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Anatoly Vishnevsky

Anatoly Vishnevsky is Director of the Institute of Demography of the State University- Higher School of Economics. He holds a Doctorate in Economics.

  • 30 june 2013

    Myths and Realities

    Rejection of anti-migrant mythology should not lead to an underestimation of the risks associated with migration, but help develop a sober constructive policy that would minimize migration risks and maximize its benefits.

  • 2 march 2008

    Multipolarity and Demography

    An excessive rapprochement with growing China, which lacks resources of its own, may impose “allied obligations” on Russia, which can ultimately result in the limitation of its rights to its own resources and to territories where they are located. Moscow will be able to successfully defend its interests only by relying on the solidarity of countries of the North, which are in the same demographic boat with it.

  • 8 may 2006

    Modernization and Counter-Modernization in Russia

    The Soviet political shell has been crushed, but Russia is still wandering around amidst the scattered fragments of that shell, which remain hopeful that they will be put together again some day. They are hoping for a counter-modernization union, albeit with a non-Communist configuration.

  • 18 may 2005

    The Specter of Immigration

    (1)

    In spite of all of its risks and challenges, immigration offers Russia a chance to survive and to carry out a kind of peaceful expansion. A strategy of diehard anti-immigration isolationism, on the other hand, will lead it nowhere.

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  • 16 september 2003

    The Depopulated Superpower

    The dramatic demographic changes in the world are creating an unprecedented challenge for all states, yet the problems confronting Russia, a country with a low birth rate and a very high death rate, are particularly acute.
    Their solution will require a revision of many traditional views; however, neither the nation nor its leaders are prepared for that.

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Publisher's column

How the World Looks From the Russian Perspective

In the future, a duumvirate may emerge in Central Asia, in which China will provide investment and resources, and Russia will contribute security and geopolitical stability.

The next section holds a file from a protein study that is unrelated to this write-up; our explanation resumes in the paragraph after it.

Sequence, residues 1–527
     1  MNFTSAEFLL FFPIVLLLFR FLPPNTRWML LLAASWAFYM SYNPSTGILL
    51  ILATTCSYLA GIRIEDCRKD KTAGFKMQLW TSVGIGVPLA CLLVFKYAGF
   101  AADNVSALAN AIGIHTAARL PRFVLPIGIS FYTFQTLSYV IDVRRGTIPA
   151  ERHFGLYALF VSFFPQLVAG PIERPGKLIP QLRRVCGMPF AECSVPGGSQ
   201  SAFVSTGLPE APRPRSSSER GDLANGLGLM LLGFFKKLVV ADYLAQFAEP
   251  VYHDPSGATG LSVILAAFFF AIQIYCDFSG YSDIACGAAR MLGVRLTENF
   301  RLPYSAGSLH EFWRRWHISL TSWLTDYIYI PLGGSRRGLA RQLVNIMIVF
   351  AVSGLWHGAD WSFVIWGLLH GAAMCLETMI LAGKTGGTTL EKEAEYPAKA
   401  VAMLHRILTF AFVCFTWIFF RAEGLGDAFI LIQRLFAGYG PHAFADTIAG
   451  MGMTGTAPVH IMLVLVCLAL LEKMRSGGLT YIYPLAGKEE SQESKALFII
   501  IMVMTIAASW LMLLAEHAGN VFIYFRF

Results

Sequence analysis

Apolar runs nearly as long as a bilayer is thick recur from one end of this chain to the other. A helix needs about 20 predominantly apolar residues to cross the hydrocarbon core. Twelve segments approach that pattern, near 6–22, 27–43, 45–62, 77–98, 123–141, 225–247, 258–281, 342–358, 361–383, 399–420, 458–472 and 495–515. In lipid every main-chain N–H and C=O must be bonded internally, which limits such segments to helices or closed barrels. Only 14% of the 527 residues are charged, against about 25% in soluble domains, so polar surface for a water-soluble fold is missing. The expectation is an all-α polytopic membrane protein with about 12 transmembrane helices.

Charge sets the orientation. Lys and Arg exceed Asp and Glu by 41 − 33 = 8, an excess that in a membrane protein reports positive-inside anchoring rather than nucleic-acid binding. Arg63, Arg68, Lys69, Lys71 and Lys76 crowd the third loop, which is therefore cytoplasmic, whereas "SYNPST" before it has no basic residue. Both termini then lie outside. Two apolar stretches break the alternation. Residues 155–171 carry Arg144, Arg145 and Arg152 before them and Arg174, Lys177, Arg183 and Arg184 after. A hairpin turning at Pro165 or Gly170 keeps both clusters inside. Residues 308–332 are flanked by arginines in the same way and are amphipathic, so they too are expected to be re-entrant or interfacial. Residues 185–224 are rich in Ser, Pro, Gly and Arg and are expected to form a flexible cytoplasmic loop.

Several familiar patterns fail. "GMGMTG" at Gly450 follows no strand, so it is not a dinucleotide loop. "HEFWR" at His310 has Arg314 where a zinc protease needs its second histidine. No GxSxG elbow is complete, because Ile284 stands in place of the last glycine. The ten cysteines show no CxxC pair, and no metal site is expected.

Editor's column

Big 20 to Big Game: Power Politics Are Returning, Which Suits Russia

The G20 meeting in China was a milestone in international relations. Until only recently, world leaders were certain that the global economy and increased connectivity had helped stabilize and define the new world order. Now, however, the pendulum has turned back towards a classic game between the great powers, and Russia is again feeling right in its element.


Europe Seen From the Outside - the British View

A political counter-revolution against the European Union is underway. Brexit is likely to be seen in hindsight as just the first of many tremors leading up to a larger political earthquake that will be felt all over the European continent.

A New Page in Russian-Turkish Relations?

The talks between Erdogan and Putin herald a new era in Russian-Turkish relations, as Turks now see Russia as a true friend and admire Russia’s motion to support the Turkish President in the midst of a coup, Valdai Club expert Huseyin Bagci believes.

Labour Migration from Central Asia to Russia in the Context of the Economic Crisis

The migration corridor that has formed between the countries of Central Asia and Russia is one of the largest and most stable in Eurasia and the world.

The EU's Crises and its Future

At present, five problem areas can be singled out in the EU. These are crises of: internal political leadership and solidarity; the stability of a single currency and economic growth; normative leadership; immigration and the terrorist threat; and finally, legitimacy.

Everyday Patriotism and Putin’s Foreign Policy

Discussions of popular support for the Kremlin’s foreign policy often invoke common international relations concepts, like the “rally around the flag” effect...

The Tale of Three Legitimacies: The Shifting Tone and Enduring Substance of Moscow’s Ukraine Policy

The ongoing military conflict between Russia and Ukraine is a stark reminder that shifts in political tone and military tactics do not necessarily correlate with each other or represent substantive shifts in a state’s foreign policy goals.